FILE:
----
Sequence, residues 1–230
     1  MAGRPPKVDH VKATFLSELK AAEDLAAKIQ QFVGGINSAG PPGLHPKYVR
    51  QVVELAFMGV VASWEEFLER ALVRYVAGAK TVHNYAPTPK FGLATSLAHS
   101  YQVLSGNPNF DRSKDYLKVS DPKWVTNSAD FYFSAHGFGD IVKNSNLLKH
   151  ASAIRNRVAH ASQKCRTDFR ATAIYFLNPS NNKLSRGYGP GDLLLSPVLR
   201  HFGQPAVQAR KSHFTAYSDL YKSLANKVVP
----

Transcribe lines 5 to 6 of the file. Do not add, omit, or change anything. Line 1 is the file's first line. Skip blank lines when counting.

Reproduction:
   151  ASAIRNRVAH ASQKCRTDFR ATAIYFLNPS NNKLSRGYGP GDLLLSPVLR
   201  HFGQPAVQAR KSHFTAYSDL YKSLANKVVP